Wednesday, October 15, 2008

Bolivia, a lot to see.

(Potosi, and Cerro Rico)

After finally getting our gas we headed to Potosi. The roads head up into the mountains and pretty much stay up there. I found it amazing that the trucks and buses make it at all. The route is in really bad shape, and is pretty dangerous to boot. But there you are, people and goods have to be moved around. We made it to Potosi without any problems, other than some heavy wear and tear on the bike, but as I mentioned, it is nothing compared to what cars, trucks and buses have to deal with. Oh, and to prove it, every few km's there was a truck, car, or bus stranded. Sometimes with people working on it, other times, just abandoned there.

On the good side, the ride is very scenic, and goes through lots of little villages. One curious thing, is we found that in some parts the road was suddenly paved and in excellent shape, this would usually last a few km's and then suddenly we are back to some bone jarring rock and sand stretches. On one such stretch we even encountered an accident which killed the two inhabitants of the vehicle. Apparently, they had blown a tire while driving much too fast and lost control of the car, one passenger was thrown free of the car and was lying in the middle of the road. The other lost their life when the car was crushed like an accordion. So there is one thing to be said for bad roads, they keep the vehicle speed down.

(Traditional dancers, Potosi)

The final few km's to Potosi was on a great road, which is good, considering that the altitute is over 4000 meters, and at this hight my bike doesn't have too much power. Potosi and the area around is of course the center of mining activity in Bolivia. For over 500 years they have been pulling silver out of the hills and mountains around here. In particular Cerro Rico, which although heavily mined for all this time, apparently still has more silver in it than they have pulled out. Potosi is also the highest city in the world, and is spread out at the foot of Cerro Rico. In typical Mining town fasion, the streets are narrow, steep, slippery, and very confusing, with the usual South American love for one way streets and lack of signalization.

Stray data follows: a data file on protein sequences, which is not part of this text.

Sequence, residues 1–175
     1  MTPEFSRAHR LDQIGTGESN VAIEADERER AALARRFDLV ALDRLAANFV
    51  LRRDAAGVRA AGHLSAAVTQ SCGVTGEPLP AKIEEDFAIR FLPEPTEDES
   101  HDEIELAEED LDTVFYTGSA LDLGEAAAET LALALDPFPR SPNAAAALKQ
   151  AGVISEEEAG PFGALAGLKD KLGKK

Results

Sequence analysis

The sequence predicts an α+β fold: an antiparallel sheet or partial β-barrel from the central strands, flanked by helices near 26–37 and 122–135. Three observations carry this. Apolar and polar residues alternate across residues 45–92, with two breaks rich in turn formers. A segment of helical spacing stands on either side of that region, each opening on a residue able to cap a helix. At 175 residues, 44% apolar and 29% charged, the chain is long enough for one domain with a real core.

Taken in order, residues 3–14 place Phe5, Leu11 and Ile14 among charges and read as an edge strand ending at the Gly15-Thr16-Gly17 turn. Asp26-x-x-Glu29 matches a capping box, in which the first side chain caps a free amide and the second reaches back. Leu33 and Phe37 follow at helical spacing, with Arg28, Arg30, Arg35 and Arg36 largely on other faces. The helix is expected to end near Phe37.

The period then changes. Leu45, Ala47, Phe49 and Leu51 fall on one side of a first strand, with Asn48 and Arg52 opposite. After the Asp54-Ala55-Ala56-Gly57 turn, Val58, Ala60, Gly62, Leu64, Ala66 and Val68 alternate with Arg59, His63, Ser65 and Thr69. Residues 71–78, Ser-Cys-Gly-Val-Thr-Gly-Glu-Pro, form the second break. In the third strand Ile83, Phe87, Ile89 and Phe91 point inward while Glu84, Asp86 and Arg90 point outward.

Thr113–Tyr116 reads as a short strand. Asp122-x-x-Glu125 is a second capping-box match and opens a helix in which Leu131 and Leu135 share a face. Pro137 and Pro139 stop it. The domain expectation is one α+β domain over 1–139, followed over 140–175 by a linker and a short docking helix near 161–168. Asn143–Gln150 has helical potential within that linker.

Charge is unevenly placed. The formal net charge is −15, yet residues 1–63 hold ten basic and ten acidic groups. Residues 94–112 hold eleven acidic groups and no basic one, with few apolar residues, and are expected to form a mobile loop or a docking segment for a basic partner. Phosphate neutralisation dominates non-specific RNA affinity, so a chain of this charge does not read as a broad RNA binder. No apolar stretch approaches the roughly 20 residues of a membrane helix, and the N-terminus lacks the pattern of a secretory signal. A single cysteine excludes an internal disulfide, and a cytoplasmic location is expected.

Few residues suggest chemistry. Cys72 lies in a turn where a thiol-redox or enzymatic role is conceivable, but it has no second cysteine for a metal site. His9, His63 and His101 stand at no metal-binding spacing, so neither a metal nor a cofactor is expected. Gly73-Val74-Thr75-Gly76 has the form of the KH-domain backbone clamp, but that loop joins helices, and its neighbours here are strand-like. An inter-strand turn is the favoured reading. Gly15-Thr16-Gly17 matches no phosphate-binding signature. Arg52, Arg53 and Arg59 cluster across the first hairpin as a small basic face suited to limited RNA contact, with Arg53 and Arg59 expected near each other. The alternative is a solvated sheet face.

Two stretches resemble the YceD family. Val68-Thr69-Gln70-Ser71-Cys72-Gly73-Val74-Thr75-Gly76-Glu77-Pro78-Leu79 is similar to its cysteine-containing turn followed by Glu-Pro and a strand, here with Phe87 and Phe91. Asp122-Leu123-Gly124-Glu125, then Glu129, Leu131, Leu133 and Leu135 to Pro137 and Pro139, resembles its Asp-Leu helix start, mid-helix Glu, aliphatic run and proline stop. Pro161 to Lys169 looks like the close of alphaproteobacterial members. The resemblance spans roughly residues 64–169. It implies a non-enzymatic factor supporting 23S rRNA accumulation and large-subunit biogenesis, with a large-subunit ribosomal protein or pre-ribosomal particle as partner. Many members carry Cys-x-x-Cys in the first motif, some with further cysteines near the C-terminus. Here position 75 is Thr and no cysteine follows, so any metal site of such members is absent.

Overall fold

(Corn soup heated by hot rocks!, check out this link for a complete desc.)

Potosi turned out to be a shock for us, it has been a long time since we have seen this many tourists. I guess it is something that we are going to have to start getting used to. Nevertheless, the town itself is very traditional if you get a few blocks away from the central plaza and the pedestrian zone which accompanies it. We spent a few days here walking around, checking out the many churches and some museums. The museum we visited was fascination, Casa de la Plata, This museum is in a fantastic building which used to the mint where, coins where made with the silver dug out of Cerro Rico. It is a very interesting museum, with some great original machinery used over the centuries to work the metal. One of my favorite displays was a single commemorative silver coin from the treasure of Nuestra Senora de Atocha. If you know the story, this Treasure ship went down in a storm off the coast of Florida. Of course the joke is that the silver recovered from the Atocha came from here, and all they have to show for it was this one commemorative coin sent back.